WHD: People helping people in Myanmar

4 Sep 2012

22 May 2008, Bebaye Township, Myanmar: An aerial view of the damage caused by Cyclone "Nargis" in the Ayeyarwady delta region, along the shores of the Andaman Sea. Credit: UN Photo/Evan Schneider
When Cyclone Nargis hit Myanmar in 2008, everyone in Yangon – students, artists, taxi drivers – mobilised to help.

On World Humanitarian Day this year (19 August) we celebrated the most basic principle of humanitarian work: People Helping People. For inspiration, and to remind everyone of the extraordinary things ordinary people are capable of doing, we asked professional aid workers to tell us a story about someone who inspired them in a crisis.

In this story, an aid worker remembers how people from all walks of life came together to help each other during one of most tragic natural disasters in Myanmar’s history: Cyclone Nargis which killed 140,000 people and affected about 2.4 million people living in the Ayeyarwady and Yangon areas in 2008.    
 
I was in Yangon a week after Cyclone Nargis hit Myanmar in May 2008. It sounds strange but there was a real buzz. Yangon had survived a twelve-hour storm that sent roofs and billboards flying, crushed trucks, and felled trees. But upon hearing the news of the scale of devastation in the Irrawaddy delta – where the real damage was, students, artists, and taxi drivers got into cars and drove out to help those in need. During that period, Rangoon was full of spontaneous humanitarians: everyone was trying to find a way to help. 
 
The monks and the monasteries led much of the volunteer effort as they had the best networks in the delta. An independent music school turned into a rapid relief center, while photographers and filmmakers went out into the delta distributing food and documenting the stories of the hungry. They all knew that not much assistance was getting through – and few international agencies were able to bring anything in to help in the early days – so all kinds of people were collecting clothes and food, and heading out in trucks.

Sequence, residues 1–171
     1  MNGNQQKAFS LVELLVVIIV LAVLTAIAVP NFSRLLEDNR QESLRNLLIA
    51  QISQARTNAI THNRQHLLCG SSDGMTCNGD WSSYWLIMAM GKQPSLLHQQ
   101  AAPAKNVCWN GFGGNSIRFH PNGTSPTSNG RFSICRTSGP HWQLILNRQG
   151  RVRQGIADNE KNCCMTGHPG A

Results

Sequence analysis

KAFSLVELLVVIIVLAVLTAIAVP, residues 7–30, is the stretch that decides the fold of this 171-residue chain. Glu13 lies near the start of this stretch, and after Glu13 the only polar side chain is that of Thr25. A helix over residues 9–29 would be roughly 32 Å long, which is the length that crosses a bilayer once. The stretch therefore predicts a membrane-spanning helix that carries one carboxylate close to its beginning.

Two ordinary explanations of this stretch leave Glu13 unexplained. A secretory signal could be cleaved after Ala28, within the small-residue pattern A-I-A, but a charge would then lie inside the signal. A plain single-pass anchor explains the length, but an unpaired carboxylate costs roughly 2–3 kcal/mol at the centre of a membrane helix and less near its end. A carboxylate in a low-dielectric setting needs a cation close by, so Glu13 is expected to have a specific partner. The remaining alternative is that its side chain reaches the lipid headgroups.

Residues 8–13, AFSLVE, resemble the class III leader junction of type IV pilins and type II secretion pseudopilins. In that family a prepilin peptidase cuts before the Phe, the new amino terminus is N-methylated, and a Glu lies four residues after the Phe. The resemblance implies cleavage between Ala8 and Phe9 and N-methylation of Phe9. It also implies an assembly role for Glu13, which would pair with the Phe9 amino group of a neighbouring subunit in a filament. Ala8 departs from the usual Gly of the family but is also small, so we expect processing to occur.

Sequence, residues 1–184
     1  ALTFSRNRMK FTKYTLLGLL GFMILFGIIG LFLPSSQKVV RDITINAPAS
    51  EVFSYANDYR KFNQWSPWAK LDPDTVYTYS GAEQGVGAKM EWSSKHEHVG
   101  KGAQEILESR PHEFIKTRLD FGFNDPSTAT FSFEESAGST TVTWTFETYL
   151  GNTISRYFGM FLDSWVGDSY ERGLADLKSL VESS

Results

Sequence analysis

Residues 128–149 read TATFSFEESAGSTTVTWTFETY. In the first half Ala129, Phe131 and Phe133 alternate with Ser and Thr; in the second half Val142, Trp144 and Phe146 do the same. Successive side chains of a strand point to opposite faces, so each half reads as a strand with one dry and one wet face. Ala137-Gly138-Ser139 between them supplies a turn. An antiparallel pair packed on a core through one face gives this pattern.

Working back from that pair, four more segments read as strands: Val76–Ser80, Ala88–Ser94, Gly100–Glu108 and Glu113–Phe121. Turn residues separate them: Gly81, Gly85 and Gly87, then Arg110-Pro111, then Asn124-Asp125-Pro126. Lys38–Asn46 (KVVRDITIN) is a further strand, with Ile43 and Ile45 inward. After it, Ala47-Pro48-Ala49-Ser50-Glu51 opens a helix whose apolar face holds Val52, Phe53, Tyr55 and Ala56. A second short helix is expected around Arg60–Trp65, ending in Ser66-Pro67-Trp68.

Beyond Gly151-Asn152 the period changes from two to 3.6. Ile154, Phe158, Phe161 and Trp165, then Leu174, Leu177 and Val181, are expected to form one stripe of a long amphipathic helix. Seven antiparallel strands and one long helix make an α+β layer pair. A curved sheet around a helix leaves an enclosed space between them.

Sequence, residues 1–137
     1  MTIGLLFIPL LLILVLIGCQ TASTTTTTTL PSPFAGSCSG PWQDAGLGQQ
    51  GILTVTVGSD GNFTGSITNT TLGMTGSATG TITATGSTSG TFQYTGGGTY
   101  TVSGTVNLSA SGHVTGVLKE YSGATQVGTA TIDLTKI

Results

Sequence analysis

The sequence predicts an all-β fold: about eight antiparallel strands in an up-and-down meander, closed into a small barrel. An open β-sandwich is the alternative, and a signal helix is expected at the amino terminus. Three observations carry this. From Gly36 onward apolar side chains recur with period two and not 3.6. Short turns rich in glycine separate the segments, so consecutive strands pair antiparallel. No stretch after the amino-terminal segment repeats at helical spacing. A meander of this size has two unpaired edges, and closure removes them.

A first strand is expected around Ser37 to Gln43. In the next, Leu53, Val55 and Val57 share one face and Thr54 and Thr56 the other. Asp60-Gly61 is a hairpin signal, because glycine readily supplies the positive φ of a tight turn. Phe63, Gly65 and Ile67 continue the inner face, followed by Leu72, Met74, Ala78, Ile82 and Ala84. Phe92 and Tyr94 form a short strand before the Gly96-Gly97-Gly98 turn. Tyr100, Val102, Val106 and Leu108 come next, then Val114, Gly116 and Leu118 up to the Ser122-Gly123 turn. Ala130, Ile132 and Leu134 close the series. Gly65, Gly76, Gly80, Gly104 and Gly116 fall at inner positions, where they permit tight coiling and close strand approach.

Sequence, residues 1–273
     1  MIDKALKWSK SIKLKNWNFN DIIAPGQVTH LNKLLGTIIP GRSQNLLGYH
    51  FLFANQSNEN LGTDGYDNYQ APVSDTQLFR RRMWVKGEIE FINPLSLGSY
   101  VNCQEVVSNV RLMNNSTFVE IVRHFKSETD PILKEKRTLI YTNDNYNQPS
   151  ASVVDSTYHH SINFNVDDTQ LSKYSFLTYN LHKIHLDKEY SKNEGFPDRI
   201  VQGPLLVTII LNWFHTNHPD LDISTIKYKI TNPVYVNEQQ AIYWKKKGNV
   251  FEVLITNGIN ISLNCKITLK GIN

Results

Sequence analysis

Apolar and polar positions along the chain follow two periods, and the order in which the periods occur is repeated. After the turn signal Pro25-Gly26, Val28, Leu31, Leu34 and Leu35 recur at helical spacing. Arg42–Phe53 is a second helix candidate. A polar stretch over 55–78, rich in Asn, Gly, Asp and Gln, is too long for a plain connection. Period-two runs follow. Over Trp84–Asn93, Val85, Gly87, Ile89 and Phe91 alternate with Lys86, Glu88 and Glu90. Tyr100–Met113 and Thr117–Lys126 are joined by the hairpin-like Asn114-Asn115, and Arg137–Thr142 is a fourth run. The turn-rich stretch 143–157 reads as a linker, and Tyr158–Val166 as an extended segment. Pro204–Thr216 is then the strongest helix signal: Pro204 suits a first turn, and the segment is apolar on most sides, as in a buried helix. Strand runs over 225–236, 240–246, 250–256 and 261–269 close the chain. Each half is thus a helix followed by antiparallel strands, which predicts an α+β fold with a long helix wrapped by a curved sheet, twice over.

One of my neighbours, a young graphic designer, grabbed 24 of his friends and drove until they couldn’t drive any further, piled into a boat, and got stuck in a sand-bank overnight. By asking around, they had found out about a village that hadn’t been helped and finally arrived to deliver clothes, food, and water. He showed me a stunning photograph taken as he and his friends pulled out from the village on the boat. Under a vast blue sky, a line of villagers in the farthest reaches of the delta waved to the young urbanites who had come to help them, from the city they had never seen.
 
Their response impressed me because here were these young, creative people who seemed just like your average talented hipsters in the West. Yet they immediately became humanitarians - they got themselves out into the delta in an emergency to find the most remote and vulnerable communities and distributed necessary supplies. It blew me away that the whole city immediately took on a role that governments and international NGOs usually take on in an emergency. Everyone mobilised, from celebrities down to people who really had nothing themselves.
 
Su Lin Lewis
 
 
 

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